I know it’s jumping ahead to the last lines, but I think it’s important to understand the Thetan plan before we loop back around to Simon. Annabell got a look at the brief on the rebel road to independence, and the next stop on the bus is “blow up Earth.” That’s the personal catastrophe made impersonal — it’ll no long just feel like the world is falling down, it actually will be. Reis and inker Eduardo Ferigato give us a quick set of panels to check in with the crew members upon hearing this news, and the backgrounds behind them all appear a dark, foreboding scarlet.
That’s pretty easy: color presenting emotion in a traditional way. Red quickly calls to mind blood, violence, passion. But Reis has already coded this technique earlier in the issue.
Simon’s red sky is blotchier, which is something that we’ll see throughout the issue. Every time he’s haunted by hallucinations of Edward’s astro-ghost, this red fog of uncontrollable, inarticulate rage starts to creep in from the panel borders. Each time, that creep threatens to trigger another emotional outburst from Simon, but he remains supernaturally even-keeled in his judgement of Annabelle. He’s almost offering himself as a martyr, repeatedly stuffing down his own emotions for the sake of some ill-defined sense of justice, trying to assert any identity that isn’t Annabelle’s ex. He tells the leader of the rebels “I was a cop for a long time. A good one. It’s not easy for me to just… gloss over a murder.” I know he thinks he’s getting redemption, but he’s just tapping into a different addiction, and his gallantry is simply another sad strike a the looming darkness. That final-page-twist of the Earth genuinely being in danger puts his own suffering into perspective for the audience. Sure, he had the worst break-up ever – will that even matter if the Thetans blow up Earth?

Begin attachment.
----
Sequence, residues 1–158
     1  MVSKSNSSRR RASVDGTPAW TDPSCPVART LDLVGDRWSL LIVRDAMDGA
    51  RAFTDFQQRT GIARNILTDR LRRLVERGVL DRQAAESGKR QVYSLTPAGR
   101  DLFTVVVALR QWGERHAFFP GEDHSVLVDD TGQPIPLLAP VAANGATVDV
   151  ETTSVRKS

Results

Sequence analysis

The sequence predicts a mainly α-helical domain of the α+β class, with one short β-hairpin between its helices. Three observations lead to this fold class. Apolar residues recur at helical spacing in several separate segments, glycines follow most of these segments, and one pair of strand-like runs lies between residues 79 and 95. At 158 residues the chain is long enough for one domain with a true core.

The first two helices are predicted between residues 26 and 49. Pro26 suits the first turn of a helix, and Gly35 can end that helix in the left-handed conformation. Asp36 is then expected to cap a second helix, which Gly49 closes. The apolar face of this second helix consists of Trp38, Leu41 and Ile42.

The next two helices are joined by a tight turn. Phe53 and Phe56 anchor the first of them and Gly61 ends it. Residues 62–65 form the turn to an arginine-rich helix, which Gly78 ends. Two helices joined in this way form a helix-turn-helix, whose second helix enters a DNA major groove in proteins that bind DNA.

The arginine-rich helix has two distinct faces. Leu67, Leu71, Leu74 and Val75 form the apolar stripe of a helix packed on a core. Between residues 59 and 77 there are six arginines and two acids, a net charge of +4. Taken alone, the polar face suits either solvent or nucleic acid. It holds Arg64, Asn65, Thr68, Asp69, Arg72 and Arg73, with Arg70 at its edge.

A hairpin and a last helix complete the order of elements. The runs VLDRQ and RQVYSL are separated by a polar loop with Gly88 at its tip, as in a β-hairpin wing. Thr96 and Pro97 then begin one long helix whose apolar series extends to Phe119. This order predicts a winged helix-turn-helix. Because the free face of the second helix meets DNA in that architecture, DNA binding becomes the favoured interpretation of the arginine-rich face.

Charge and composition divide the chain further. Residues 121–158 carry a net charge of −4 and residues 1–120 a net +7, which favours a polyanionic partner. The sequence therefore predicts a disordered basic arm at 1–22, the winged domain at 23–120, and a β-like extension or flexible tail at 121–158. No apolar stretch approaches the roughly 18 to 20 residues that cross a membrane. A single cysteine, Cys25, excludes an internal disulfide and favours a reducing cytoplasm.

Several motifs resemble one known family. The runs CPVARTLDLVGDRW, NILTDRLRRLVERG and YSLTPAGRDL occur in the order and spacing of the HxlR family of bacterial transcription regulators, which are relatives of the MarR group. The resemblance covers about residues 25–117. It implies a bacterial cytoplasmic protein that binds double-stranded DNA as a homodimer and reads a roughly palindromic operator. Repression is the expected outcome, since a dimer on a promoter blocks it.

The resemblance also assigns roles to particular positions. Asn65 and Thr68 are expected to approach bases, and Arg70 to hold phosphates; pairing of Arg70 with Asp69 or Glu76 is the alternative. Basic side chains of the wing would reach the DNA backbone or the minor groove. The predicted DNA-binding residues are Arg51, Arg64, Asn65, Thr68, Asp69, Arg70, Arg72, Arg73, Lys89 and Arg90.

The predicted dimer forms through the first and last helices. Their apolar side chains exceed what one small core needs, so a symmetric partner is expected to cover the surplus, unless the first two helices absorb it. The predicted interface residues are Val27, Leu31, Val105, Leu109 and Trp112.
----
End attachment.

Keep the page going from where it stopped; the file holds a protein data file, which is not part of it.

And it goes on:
Kill Or Be Killed 8
Drew: If the second volume of Kill or be Killed has been about enumerating the factions on Dylan’s trail — the NYPD, the Russian Mob, Kira — issue 8 is all about how those factions have come to bear on Dylan’s life. The issue opens with New York under heightened security, with police checkpoints and random searches making Dylan’s next kill harder to plan. With only a few days to go, he’s getting down to the wire, but he’s increasingly distracted by the other forces in his life.